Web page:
Daily archives: January 9th, 2010

Giuliani Forgets 9/11: ‘No Domestic Attacks’ Under Bush

Visit msnbc.com for breaking news, world news, and news about the economy

The Mayor of 9/11 forgot about all that, apparently. Or maybe he’s engaging in historical revisionism.

Yes, Former New York Mayor Rudy Giuliani has had the senior moment par excellence: he has officially forgotten September 11, 2001 ever happened.

From CBS 2 Chicago:

Former New York Mayor Rudy Giuliani set off a tempest about terrorism Friday with his claim that this nation "had no domestic attacks" under President George W. Bush. 

Giuliani somehow neglected to mention the Sept. 11, 2001, terrorist attacks as he was contrasting President Barack Obama’s handling of terrorism with that of Bush in light of the failed Christmas Day attempt to blow up a Detroit-bound flight. The Sept. 11 attacks toppled New York’s World Trade Center, killed nearly 3,000 people in New York, Washington and Pennsylvania and earned Giuliani accolades as "America’s mayor."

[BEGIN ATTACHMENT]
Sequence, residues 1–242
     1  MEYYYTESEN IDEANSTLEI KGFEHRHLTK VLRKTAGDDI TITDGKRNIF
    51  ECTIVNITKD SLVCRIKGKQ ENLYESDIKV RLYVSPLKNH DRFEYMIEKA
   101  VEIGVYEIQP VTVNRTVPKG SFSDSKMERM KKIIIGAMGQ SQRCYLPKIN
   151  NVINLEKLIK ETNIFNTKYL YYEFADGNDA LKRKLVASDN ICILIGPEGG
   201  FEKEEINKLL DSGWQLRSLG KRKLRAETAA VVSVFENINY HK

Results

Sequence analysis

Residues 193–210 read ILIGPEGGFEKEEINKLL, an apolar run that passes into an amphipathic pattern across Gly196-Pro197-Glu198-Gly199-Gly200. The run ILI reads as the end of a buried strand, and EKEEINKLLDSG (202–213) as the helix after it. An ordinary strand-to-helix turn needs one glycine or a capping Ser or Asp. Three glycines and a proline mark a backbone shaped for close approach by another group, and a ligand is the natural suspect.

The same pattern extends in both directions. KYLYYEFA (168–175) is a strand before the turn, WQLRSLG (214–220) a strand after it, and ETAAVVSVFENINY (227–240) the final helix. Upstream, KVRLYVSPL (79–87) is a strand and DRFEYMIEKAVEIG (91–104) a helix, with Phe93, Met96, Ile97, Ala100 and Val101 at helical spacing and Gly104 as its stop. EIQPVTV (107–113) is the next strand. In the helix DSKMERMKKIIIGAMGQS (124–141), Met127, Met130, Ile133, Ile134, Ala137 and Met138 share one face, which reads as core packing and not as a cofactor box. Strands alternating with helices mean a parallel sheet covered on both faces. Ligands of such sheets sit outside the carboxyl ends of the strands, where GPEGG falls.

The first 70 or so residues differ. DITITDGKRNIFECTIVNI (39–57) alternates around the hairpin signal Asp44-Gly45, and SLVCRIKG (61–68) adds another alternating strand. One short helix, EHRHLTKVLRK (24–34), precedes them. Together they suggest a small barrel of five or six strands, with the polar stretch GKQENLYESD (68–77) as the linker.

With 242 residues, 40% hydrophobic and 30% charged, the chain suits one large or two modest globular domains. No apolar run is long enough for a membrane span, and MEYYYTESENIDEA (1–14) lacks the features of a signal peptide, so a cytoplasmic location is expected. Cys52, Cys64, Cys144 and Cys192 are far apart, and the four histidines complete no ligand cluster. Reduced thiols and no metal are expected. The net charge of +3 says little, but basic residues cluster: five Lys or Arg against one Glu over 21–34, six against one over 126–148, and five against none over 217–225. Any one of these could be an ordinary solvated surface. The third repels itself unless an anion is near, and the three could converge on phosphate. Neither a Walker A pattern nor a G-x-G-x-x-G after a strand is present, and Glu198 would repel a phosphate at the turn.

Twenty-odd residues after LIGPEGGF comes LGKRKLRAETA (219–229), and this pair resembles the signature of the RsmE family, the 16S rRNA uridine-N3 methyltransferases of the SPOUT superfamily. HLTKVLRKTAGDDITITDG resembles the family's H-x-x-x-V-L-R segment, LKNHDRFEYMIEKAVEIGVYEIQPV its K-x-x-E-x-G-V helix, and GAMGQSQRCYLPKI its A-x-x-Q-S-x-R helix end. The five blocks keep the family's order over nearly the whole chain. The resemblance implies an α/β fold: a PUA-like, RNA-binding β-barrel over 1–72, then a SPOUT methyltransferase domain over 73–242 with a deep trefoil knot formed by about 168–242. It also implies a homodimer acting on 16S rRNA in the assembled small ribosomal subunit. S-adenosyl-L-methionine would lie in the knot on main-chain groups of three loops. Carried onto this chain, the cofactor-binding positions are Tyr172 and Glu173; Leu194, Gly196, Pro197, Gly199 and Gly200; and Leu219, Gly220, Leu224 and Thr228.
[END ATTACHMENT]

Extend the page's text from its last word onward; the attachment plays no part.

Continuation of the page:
The Republican said of Obama on ABC’s "Good Morning America" that "what he should be doing is following the right things that Bush did." 

While saying he believes Obama "turned the corner" on understanding the nature of terrorism when he publicly declared the U.S. at war, Giuliani added that Obama has plenty of room to improve on terrorism. 

"We had no domestic attacks under Bush," Giuliani said. "We’ve had one under Obama."